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These lots have been imported from outside the EU … Read more THE WOODHALL PARK PEDESTALS


Each with original shaped quadripartite acanthus supports headed by ram masks and supporting a glass storm shade fitted with three nozzles surrounding a pinecone finial, on a waisted square platform with beaded border above a frieze carved with guilloche and ribbon-tied drapery, the body of tapering fluted form and carved with bell flowers terminating in acanthus and anthemia, on a square base carved with foliage and beading, previously decorated, the glass shades and candle nozzle fitments replaced
77 ½ in. (197 cm.) high, overall; 44 ½ in. (141 cm.) high, the pedestals excluding fitments; 11 ¾ in. (30 cm.) square
Almost certainly supplied by Mayhew and Ince to Sir Thomas Rumbold (1736-1791) for the ‘Garden Hall’ at Woodhall Park, Hertfordshire, in circa 1781-2.
Sold in 1794 as part of the contents of Woodhall Park, together with the house and estate, to Paul Benfield (1742-1810).
Sold in 1801 as part of the contents of Woodhall Park, together with the house and estate, to Samuel Smith (d. 1824),
thence by descent at Woodhall Park, until sold by the Executors of the late Colonel Abel Henry Smith, great-grandson of Samuel Smith, ‘The Well-Known Leverton Furniture of Woodhall Park’, Sotheby’s, London, 13 March 1931, lot 108.
Angelica Livingston Gerry; sold from her estate, Parke-Bernet Galleries, New York, 10-11 March 1961, lot 153.
H. Avray Tipping, ‘Woodhall Park – I Hertfordshire, The Seat of Colonel Abel H. Smith’, Country Life, 31 January 1925, pp. 164-171, fig. 14.
‘M.J.’, ‘Furniture at Woodhall Park’, Country Life, 26 April 1930, pp. 611-613, fig. 8.
C. Hussey, English Country Houses: Mid Georgian 1760-1800, Woodbridge, 1984, pp. 177-183, fig. 361.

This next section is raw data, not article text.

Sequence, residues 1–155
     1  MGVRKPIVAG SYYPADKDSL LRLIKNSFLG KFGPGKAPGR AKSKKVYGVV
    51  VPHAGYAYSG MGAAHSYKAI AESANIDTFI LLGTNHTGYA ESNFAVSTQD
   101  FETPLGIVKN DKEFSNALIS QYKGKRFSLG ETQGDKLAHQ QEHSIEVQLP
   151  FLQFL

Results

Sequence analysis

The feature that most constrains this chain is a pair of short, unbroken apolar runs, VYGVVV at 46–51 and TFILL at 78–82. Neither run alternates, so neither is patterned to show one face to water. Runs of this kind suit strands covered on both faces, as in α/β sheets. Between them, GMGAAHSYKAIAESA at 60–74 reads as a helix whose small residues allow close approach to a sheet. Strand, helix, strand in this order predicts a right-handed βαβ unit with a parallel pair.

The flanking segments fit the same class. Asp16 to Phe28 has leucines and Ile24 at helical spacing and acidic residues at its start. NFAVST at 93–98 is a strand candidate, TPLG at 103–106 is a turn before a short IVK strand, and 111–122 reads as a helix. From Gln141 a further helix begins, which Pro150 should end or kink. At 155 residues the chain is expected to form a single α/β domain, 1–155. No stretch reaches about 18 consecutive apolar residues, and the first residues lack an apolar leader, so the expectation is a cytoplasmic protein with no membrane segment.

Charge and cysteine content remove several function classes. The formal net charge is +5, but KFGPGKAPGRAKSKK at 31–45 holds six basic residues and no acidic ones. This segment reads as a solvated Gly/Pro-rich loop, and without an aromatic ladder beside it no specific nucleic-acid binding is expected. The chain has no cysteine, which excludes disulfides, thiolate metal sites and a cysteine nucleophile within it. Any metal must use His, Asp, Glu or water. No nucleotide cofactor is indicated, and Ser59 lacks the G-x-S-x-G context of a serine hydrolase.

Macquoid and R. Edwards, The Dictionary of English Furniture, vol. III, London, 1927, p. 155, fig. 12; second revised edition, 1954, p. 162, fig. 17.
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Katharine Cooke
Katharine Cooke

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Lot Essay

These pedestals are part of the splendid furniture created for the magnificent neoclassical interiors at Woodhall Park, Hertfordshire for Sir Thomas Rumbold, 1st Baronet (1736–1791). Like much of Woodhall Park’s grander furniture, these elegant pedestals are attributed to Sir Thomas Rumbold’s principal furnishers, Messrs. Mayhew & Ince of Golden Square, London, authors of The Universal System of Household Furniture (1762).

Mayhew & Ince

The customer account ledger for Sir Thomas Rumbold at Goslings Bank, 19 Fleet Street, London, shows that substantial payments in sterling were issued to Mayhew & Ince from 1774 to 1788, comprising, in the period 1781-1782 when these pedestals were probably made, ‘1781, Nov. 8, To Mr Mayhew 500’ (Ms. 1781-83, L-R, f. 441). Furthermore, an inventory and account, dated 6 December 1782, of Sir Thomas Rumbold’s property at ‘Woodhall Park and Gardens’, includes the following entry: ‘To Mayhew and Ince for Household furniture about 3541.17.3 [pounds]’ (Parliamentary Archives, Ms. HL/PO/JO/10/7/650). This substantial sum confirms that Mayhew & Ince were supplying a significant amount of furniture to Sir Thomas Rumbold at Woodhall Park.
Most, if not all, of this furniture, including these pedestals, supplied as part of Mayhew & Ince’s Woodhall commission, was undoubtedly designed to closely conform to the architect, Thomas Leverton’s interiors, since it imitates so perfectly the character of the rooms and reflects the refined elegance of some of the architect’s plaster-work and painted interior designs (Avray Tipping, ‘Woodhall Park – I’, op. cit., p. 169). One of the pedestals, and other furniture from Woodhall Park was photographed by Country Life in 1930, and it is interesting to note the reoccurrence of Mayhew & Ince’s distinctive neoclassical motifs, executed in carving or marquetry, such as the thyrsus, anthemion and pendant husks or bellflowers (‘M.J.’, ‘Furniture at Woodhall Park’, op. cit., pp. 611-613, figs. 2, 7, 8 and 9).